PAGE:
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10 s. xii. DEC. 11, 1909.] NOTES AND QUERIES.


46.5-


Men. I thinke the policy of that purpose, made more in the Marriage, then the loue of the parties.

Enob. I thinke so too. But you shall finde the band that seemes to tye their friendship together, will bee the very strangler of their Amity : Octavia is of a holy, cold, and still conuersation.

Men. Who would not haue his wife so ?

Enob. Not he that himself e is not so : which is Marke Anthony.

Menas, in his second speech commenting on the marriage of Antony and Octavia, was supposed by Collier (2nd ed.) to contradict himself and thus to confirm Enobarbus's opinion. I believe that Menas should be understood as saying, " That was the very reason, rather than for love, that they made the match," which supports his first assertion. While Enobarbus agrees as to the motive of policy in the marriage, he begins his further remarks with the adversative " But,' 1 show- ing that he is opposing Menas in the deduc- tions to be drawn therefrom. Later, when Enobarbus says that " Octavia is of a holy, cold, and still conversation," Menas still supports his first position by replying, " Who would not have his wife so ? " Enobarbus again opposes him with " Not he that himself is not so," &c. Collier's note (2nd ed.) on 1. 137 suggested that it should be pointed with a note of interrogation, which Furness states was not repeated in his third edition. The question raised as to the meaning of Menas's second speech, how- ever, does not appear to have been waived. In any event, it may be deemed worthy of comment.

III. xiii. 52-62. In the dialogue between Cleopatra and Thyreus, Caesar's messenger, the latter says :

So.

Thus then, thou most renoun'd : Caesar entreats, Not to consider in what case thou stand 'st Further than he is Caesar,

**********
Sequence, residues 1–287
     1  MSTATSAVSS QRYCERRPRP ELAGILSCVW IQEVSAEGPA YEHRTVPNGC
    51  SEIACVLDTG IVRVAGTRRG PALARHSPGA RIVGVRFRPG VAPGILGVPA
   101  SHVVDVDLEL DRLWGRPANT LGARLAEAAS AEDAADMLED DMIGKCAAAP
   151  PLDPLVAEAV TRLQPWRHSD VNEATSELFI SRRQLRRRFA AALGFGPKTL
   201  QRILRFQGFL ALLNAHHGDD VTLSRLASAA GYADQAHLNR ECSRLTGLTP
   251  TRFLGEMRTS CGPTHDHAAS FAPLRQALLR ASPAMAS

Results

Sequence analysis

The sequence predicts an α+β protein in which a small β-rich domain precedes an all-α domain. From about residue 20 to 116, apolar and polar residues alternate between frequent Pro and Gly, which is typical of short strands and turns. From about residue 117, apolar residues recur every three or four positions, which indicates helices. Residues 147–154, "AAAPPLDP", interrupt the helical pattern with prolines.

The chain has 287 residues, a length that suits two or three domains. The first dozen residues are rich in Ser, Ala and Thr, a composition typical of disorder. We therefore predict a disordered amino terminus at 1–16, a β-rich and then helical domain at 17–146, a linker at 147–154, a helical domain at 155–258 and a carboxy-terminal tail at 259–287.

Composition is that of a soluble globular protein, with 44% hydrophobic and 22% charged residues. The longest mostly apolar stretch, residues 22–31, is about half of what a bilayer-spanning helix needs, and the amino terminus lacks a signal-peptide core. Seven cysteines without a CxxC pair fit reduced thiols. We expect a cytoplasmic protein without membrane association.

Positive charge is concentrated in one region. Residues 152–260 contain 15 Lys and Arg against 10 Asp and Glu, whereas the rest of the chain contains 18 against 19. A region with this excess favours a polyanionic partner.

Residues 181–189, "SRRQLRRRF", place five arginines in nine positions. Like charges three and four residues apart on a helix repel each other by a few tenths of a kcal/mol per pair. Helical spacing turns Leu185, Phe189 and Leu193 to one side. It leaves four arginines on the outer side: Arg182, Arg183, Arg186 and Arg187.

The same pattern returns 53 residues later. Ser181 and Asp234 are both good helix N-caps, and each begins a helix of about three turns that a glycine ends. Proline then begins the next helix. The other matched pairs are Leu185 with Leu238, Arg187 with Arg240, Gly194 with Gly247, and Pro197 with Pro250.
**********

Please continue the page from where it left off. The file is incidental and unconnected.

to which Cleopatra, adroitly following the cue, replies, "Go on : right royal J> " right royal '* being her complimentary apparent estimate of Caesar. When her character has received the remarkable vindication which Thyreus then offers, the evident meaning of her further reply seems to be that she advances her estimate of Caesar's qualities : " He is a god, and knows What is most right," &c.

We do know that Cleopatra is now being favoured with what are accepted as evi- dences of Caesar's godlike knowledge, but we do not know from the text that the evi- dence in question is in confirmation of any such previous estimate of his sagacity. In the absence of an antecedent reference, the


new idea, I think, indicates that " god ' ? is the emphatic word, rather than, as suggested by Furness, " He is a god."

V. i. 64 (Globe 52) :

A poore Egyptian yet.

The messenger would" be apt to deliver what he had to say to Caesar in a respectful, straightforward manner, devoid of the attempt at smartness which seems to be imported into his speech by the explana- tions in the books. The stage direction is, " Enter an Aegyptian," and the messenger's- first words, in beginning his reply to Caesar's " Whence are you ? " are "A poor Egyptian, " as referring to himself, the reason for Cleo- patra's having employed a messenger of such low degree being given in the state- ment of her reduced circumstances : "A poor Egyptian, yet notwithstanding my humble station I come from the queen, my mistress, confined in all she has, her monu- ment, who desires instruction of thy intents,'* &c. The words which the messenger utters are his own, as shown by " the queen, my mistress." It seems unlikely that this- " Egyptian," who is not accorded even the dignity of a name, would speak of Cleo- patra as a " poor Egyptian " (Hunter's suggestion), to say nothing of the rather saucy " but not less the queen, my mistress, '* the significance attached to " yet. n

E. MEBTON DEY,

St. Louis.

[These notes are the last that we have of our deceased contributor. The comments on ' Antony and Cleopatra ' are those referred to in our notice of the death of MB. MEBTON DEY (10 S. xi. 520).]

SHAKESPEARE ALLUSIONS. If it is desir- able to bring together the allusions to Shakespeare, the following should be added to the collection, though some of them, no doubt, have been separately noticed : Now we have taught our Love to know That it must creep where 't cannot go.

Suckling, ' Fragmenta Aurea,' 1646, p. 46. Then 'twas the Water's Love that made it flow,. For Love will creep where well it cannot go.

' Last Remains of Sir J. Suckling,' 1659, p. 26. When flowing cups run swiftly round With no allaying Thames.

Lovelace, ' Lucasta,' 1649, p. 97,

Suggested by " one that loves a cup of hot wine with not a drop of -allaying Tiber in 't," ' Coriolanus,' II. i. Now empty shows must want of sense supply, Angels shall dance, and Macbeth's witches fly.

Epilogue to ' The Ordinary : a Collection of Poems written upon Several Occa- sions,' 1673, p. 167.